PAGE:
2. Wind energy
Wind energy is basically the harnessing of wind power to produce electricity. The kinetic energy of wind is converted to electrical energy. When solar radiation enters the Earth’s atmosphere, different regions of the atmosphere are heated to different degrees because of the earth’s curvature. This heating is greater near the equator and less so near the poles. Since air tends to Wind energy is basically the harnessing of wind power to produce electricity. The kinetic energy of the wind is converted to electrical energy. When solar radiation enters the earth’s atmosphere, different regions of the atmosphere are heated to different degrees because of the earth’s curvature. This heating is highest at the equator and lowest at the poles. because air tends to.
3. Bio energy
Biomass is a renewable energy resource derived from the carbonaceous waste of various human and natural activities. It is derived from numerous sources, including by-products from the wood industry, agricultural crops, raw material from the forest, household wastes, etc. Biofuel Unlike other renewable energy sources, biomass can be directly converted into liquid fuels for the transportation needs of cars, trucks, buses, airplanes, and trains. The two most common types of biofuels are ethanol and biodiesel.
4. Hydro energy
The potential energy of falling water, captured and converted to mechanical energy by the waterwheels, powered the start of the industrial revolution. Wherever sufficient head or a change in elevation could be found, rivers and streams were dammed and mills were built. Water under pressure flows through a turbine, causing it to spin. The turbine is connected to a generator, which produces electricity.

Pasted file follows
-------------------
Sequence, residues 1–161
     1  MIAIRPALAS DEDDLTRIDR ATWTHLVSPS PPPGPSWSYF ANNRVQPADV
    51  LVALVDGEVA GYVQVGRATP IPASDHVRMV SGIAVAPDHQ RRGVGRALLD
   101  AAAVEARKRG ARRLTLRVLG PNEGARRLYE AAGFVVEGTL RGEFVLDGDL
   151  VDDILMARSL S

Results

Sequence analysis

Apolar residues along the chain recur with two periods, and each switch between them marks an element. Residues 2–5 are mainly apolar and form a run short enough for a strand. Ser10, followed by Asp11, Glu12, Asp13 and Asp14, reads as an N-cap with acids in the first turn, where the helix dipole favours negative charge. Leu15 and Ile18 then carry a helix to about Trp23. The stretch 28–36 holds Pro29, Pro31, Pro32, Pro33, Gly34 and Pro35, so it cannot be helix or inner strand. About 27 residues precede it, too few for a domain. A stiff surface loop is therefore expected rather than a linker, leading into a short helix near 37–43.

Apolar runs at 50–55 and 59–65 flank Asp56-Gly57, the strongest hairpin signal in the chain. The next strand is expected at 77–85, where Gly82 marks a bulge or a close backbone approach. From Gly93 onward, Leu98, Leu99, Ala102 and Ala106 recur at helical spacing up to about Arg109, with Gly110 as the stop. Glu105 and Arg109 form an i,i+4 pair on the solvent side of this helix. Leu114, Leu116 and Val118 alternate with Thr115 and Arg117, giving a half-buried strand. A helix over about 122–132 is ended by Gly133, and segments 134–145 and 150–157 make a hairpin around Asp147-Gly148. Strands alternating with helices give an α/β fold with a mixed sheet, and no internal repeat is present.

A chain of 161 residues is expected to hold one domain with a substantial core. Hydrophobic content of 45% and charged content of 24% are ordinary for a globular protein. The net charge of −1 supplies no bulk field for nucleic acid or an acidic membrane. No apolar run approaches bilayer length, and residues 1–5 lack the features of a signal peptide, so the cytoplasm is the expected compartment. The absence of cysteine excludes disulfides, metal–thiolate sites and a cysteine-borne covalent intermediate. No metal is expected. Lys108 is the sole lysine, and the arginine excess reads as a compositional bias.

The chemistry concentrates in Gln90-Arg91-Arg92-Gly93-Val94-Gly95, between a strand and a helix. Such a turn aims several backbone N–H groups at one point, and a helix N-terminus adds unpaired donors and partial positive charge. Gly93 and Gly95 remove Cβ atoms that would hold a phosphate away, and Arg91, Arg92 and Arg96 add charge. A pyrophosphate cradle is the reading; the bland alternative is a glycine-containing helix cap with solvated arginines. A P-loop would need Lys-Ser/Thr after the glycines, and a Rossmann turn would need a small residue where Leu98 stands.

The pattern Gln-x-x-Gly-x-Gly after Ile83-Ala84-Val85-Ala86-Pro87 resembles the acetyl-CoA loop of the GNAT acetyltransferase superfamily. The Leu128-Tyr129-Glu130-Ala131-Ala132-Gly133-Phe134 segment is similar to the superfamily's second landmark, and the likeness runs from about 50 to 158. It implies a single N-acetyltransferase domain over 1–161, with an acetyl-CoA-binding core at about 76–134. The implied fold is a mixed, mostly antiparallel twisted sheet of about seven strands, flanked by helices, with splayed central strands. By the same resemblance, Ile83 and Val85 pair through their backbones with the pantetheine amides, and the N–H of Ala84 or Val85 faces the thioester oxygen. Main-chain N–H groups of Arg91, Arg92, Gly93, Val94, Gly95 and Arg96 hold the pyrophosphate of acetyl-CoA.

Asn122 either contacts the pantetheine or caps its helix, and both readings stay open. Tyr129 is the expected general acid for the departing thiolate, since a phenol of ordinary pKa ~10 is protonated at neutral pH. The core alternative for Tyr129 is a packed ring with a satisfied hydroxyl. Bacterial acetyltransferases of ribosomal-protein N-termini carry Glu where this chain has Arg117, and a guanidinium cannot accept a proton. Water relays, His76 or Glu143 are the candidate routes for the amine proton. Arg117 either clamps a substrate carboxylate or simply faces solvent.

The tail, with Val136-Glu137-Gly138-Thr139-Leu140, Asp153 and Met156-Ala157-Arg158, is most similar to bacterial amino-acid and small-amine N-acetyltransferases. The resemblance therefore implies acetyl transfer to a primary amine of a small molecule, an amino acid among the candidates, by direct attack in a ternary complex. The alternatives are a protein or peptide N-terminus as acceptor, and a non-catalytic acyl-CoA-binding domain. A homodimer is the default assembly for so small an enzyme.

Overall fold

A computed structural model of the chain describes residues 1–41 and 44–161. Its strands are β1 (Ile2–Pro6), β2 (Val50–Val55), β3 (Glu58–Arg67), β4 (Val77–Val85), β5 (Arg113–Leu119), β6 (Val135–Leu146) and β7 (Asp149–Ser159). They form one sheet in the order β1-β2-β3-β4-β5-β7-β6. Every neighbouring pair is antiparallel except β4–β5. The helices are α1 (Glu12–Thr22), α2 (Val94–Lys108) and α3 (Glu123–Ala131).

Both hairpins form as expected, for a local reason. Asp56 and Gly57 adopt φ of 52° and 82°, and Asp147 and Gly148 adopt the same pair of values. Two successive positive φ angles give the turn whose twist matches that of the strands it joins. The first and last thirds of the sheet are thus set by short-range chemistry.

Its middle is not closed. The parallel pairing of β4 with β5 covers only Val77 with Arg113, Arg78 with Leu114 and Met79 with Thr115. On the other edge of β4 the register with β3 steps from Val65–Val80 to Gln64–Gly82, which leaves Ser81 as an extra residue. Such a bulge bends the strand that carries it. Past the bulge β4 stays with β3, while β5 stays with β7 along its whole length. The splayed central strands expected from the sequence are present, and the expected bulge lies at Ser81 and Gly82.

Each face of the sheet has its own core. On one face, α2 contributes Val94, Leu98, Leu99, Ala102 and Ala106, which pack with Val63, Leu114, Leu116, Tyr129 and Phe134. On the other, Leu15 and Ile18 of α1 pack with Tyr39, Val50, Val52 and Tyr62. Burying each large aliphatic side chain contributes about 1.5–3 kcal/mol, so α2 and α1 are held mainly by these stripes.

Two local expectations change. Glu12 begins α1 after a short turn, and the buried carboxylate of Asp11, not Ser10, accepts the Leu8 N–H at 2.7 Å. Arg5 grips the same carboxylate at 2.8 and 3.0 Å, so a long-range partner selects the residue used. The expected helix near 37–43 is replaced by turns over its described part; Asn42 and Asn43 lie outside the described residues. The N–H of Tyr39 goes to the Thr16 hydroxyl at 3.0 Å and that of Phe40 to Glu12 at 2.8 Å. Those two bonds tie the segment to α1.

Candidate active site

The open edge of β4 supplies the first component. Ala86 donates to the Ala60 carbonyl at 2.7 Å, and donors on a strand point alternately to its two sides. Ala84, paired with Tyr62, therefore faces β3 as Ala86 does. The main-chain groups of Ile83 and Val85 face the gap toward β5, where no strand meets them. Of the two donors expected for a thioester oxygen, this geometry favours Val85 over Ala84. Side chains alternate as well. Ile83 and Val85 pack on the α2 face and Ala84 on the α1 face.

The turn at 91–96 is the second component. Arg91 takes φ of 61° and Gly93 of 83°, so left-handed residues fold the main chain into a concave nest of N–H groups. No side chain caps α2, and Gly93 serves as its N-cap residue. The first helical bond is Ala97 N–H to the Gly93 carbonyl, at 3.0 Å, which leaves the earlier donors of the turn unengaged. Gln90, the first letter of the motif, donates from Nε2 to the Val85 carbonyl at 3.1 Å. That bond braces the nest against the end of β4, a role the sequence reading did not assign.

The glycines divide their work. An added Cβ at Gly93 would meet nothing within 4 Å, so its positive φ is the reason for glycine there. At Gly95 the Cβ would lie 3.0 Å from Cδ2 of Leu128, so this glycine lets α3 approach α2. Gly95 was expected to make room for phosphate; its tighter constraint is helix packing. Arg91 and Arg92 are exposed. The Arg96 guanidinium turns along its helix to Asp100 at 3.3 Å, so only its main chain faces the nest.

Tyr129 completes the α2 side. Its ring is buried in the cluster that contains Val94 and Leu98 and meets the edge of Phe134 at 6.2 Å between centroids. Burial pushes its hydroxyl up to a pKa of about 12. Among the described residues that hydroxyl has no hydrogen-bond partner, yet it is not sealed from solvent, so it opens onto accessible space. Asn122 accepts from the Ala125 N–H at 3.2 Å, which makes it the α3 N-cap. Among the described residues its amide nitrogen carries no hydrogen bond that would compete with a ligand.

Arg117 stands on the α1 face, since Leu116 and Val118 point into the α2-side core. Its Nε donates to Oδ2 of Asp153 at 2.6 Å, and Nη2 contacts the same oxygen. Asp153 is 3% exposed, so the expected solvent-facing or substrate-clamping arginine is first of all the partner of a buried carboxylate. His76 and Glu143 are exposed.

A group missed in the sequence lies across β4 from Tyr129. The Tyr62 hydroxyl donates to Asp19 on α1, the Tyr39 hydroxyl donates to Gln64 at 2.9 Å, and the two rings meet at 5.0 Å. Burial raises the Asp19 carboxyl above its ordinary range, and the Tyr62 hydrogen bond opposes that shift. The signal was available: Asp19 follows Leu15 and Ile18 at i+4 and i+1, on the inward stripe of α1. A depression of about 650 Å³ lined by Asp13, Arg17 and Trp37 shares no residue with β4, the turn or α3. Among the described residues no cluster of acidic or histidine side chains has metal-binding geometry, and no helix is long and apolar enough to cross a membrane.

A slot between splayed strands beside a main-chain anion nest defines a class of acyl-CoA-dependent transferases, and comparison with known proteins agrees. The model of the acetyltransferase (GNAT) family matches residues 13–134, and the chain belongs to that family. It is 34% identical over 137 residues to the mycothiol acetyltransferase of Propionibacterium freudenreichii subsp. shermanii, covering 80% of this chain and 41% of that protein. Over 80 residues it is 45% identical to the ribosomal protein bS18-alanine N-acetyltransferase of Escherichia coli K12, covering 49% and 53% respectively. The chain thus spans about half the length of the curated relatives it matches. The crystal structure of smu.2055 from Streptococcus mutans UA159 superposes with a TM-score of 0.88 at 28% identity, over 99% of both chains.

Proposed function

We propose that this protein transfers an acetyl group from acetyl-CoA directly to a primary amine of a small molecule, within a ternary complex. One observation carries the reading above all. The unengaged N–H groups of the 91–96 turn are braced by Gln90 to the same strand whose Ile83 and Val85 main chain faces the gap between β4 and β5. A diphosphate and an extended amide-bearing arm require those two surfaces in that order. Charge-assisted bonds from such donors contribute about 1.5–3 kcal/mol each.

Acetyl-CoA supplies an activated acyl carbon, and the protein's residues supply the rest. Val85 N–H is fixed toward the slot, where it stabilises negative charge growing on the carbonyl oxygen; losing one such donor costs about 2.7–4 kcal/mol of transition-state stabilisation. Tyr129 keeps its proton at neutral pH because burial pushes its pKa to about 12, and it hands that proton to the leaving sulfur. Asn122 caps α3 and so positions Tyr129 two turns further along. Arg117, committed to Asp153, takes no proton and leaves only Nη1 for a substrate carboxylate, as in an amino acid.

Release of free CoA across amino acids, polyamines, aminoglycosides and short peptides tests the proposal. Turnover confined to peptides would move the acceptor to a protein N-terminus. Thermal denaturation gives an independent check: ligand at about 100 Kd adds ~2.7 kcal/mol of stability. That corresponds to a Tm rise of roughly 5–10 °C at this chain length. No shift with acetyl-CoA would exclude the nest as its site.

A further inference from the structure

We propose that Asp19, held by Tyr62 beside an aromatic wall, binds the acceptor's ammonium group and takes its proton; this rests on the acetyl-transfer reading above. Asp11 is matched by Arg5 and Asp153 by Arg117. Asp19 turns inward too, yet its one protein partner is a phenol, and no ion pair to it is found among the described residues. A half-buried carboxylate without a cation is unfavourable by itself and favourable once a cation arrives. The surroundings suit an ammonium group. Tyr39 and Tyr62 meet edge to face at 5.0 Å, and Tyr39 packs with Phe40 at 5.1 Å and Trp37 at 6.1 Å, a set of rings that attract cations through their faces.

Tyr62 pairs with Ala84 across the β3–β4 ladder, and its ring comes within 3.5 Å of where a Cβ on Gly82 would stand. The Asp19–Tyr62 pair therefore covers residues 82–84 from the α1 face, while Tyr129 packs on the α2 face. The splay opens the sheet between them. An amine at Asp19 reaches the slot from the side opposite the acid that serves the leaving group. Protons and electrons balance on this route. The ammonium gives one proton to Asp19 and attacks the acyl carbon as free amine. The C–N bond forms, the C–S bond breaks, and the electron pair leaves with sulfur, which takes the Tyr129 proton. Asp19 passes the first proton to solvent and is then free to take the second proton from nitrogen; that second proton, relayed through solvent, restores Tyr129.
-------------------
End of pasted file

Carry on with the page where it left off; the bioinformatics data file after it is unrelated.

5. Geothermal energy
Geothermal energy is the heat derived from the subsurface of the earth. Water and steam carry geothermal energy to the earth’s surface. Depending on its characteristics, geothermal energy can be used for heating and cooling purposes or harnessed to generate clean electricity. However, for the generation of electricity, high- or medium-temperature resources are needed, which are usually located close to the tectonically active regions.
6. Tidal and Ocean Energy
Tidal electricity generation involves the construction of a barrage across an estuary to block the incoming and outgoing tides. The head of water is then used to drive turbines to generate electricity from the elevated water in the basin, as in hydroelectric dams. Oceans cover more than 70% of Earth’s surface, making them the world’s largest solar collectors. Ocean energy draws on the energy of ocean waves, tides, or the thermal energy stored in the ocean. The sun warms surface water a lot more than deep ocean water, and the temperature difference stores thermal energy.
Benefits and Drawbacks
One benefit of using these ponds is that they have an extremely large thermal mass. Since these ponds can store heat energy very well, they can generate electricity during the day when the sun is shining as well as at night. Despite being a source of energy, there are numerous thermodynamic limitations as a result of the relatively low temperatures achieved in the ponds.
Because of this, solar-to-electricity conversion is fairly inefficient, generally less than 2%. As well, the large amounts of fresh water are necessary to maintain the right salt concentrations throughout the pond. This is an issue in places where fresh water is hard to come by, especially in desert environments.
How it works
In terms of pollution, green technology includes both process and product technologies that generate little or no waste and increase resource and energy efficiency. They also cover end-of-the-pipe technologies for treating pollution. Green technology does not only mean individual technologies but also systems, including know-how, procedures, goods, services, and equipment, as well as organisational and managerial procedures.
Green technology explained
There is no commonly accepted or internationally agreed definition of “green technology.” The term can be broadly defined as technology that has the potential to significantly improve environmental performance relative to other technologies. It is related to the term “environmentally sound technology,” which was adopted under the United Nations Conference on Environment and Development Agenda 21, although it is no longer widely used.